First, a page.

Raspberry Pi 1 and 2 compared

Other Models

On the basis of strong demand for the RPi2B, all of the BCM2836 SoCs available to the Foundation are used for the current model. The Compute Module 2, which needs a carrier board to convert its I/O to "normal" plugs, will probably be available at the end of this year at the earliest.

A trimmed down Model A version of the RPi2 with at least 512MB of working memory cannot currently be produced for the envisioned sales price of $25. Less RAM would reduce the price; however, Upton considers 512MB mandatory for a four-core system.

The Raspberry Pi Display [15] for the display serial interface (DSI) should be available for purchase this year. Currently, it is still undergoing tests for its electromagnetic compatibility.


The RPi2B is well suited as a versatile desktop system for less demanding users who want to accomplish some text processing alongside surfing the Internet and viewing online streams on YouTube. It is a quiet, compact, economical, and energy-saving computer that outstrips classic, low-end desktop systems.

Performance on the desktop represents a quantum leap over the performance of the first generation. Still, there is room for improvement in some areas. The Foundation recently invested quite a bit in web browser performance. As a result, the work implementing the Wayland protocol came to a standstill. It is not yet clear whether the performance for Wayland will get help in the future. However, the Foundation clearly is working on hardware-accelerated graphics performance.

So, what is in the works for the future? The revolution started with the RPi2B could tackle the market for mobile devices and other areas of application. Many potential uses would open up and resonate with the community with the appearance of an open hardware platform with increased performance, an integrated display, and a battery.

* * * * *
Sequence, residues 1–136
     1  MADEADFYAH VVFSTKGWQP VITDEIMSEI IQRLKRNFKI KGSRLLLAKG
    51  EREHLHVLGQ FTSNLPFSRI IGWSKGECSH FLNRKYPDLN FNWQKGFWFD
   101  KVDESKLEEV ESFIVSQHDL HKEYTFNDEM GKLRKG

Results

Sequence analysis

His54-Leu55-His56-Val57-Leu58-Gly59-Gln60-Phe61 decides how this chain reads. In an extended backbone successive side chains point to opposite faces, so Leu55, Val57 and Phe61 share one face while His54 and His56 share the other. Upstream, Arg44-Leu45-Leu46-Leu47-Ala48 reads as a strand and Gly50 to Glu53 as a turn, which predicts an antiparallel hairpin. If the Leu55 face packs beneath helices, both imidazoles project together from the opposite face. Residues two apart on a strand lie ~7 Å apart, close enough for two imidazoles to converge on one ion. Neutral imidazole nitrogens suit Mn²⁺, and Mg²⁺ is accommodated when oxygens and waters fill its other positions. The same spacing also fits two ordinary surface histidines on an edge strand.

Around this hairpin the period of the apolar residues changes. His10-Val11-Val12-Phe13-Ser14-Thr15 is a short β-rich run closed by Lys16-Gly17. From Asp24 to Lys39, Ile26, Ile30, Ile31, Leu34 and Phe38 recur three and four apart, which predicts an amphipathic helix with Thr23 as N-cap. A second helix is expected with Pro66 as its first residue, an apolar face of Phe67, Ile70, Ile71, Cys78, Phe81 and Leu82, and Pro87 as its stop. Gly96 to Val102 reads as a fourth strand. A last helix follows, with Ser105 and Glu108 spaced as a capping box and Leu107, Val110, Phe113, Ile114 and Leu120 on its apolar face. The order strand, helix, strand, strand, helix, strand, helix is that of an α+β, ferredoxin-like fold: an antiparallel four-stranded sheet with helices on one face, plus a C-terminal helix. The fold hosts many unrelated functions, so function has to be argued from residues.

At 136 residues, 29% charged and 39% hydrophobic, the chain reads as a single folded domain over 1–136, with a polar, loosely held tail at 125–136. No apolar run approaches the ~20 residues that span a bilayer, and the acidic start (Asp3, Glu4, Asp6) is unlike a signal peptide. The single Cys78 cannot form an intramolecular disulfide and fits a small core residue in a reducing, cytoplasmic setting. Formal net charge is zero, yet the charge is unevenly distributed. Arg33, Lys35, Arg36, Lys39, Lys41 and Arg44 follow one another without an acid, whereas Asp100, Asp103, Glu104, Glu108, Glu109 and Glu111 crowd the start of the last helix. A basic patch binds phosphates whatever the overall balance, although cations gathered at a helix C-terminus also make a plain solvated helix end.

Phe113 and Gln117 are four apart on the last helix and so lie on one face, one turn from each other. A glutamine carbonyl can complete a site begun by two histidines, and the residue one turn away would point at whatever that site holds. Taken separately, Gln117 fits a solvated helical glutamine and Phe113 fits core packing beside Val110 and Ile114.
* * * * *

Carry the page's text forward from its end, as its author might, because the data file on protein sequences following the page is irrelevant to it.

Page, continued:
The possibilities for the BCM2836 have in any event come to the end of the road. At the least, a third generation Rasp Pi ought to be equipped with Gigabit Ethernet and a number of USB ports directly on the SoC. All of the bottlenecks would then have been resolved if there were also an upgrade of the working memory to 2 or 4GB.

The Pi's ARMv7 architecture

ARMv7 processors are understandably compatible with the instruction set of the ARMv6 predecessor, making it possible to continue using software like Raspbian that was developed for the first generation Raspberry Pis on the RPi2B. The OS kernel and some routines adapted in assembly language that developers wrote specifically for the RPi1 do not carry over to the RPi2B.

However, the software will need to be compiled specifically for the ARMv7 to realize the full potential of the new processor. The Raspberry Pi Foundation is currently working on plans that describe the best way to do this. It may suffice merely to offer some of the libraries for Raspbian compiled independently for both ARM architectures (ARMv6 and ARMv7).

The Cortex-A7 theoretically can support up to 1TB of working memory, thanks to its 40-bit memory mapping unit (MMU). However, the actual architecture of the BCM2836 with its 1GB of RAM reaches its maximum because 2 bits of the 32-bit storage address are used for cache.

A maximum of 1GB can be addressed with 30 bits. A hypothetical Model 2 B+ based on the same BCM2836 SoC would not permit further memory upgrades. The memory bus now runs with 450MHz in contrast to the RPi1, which has a standard speed of 400MHz for its memory bus.

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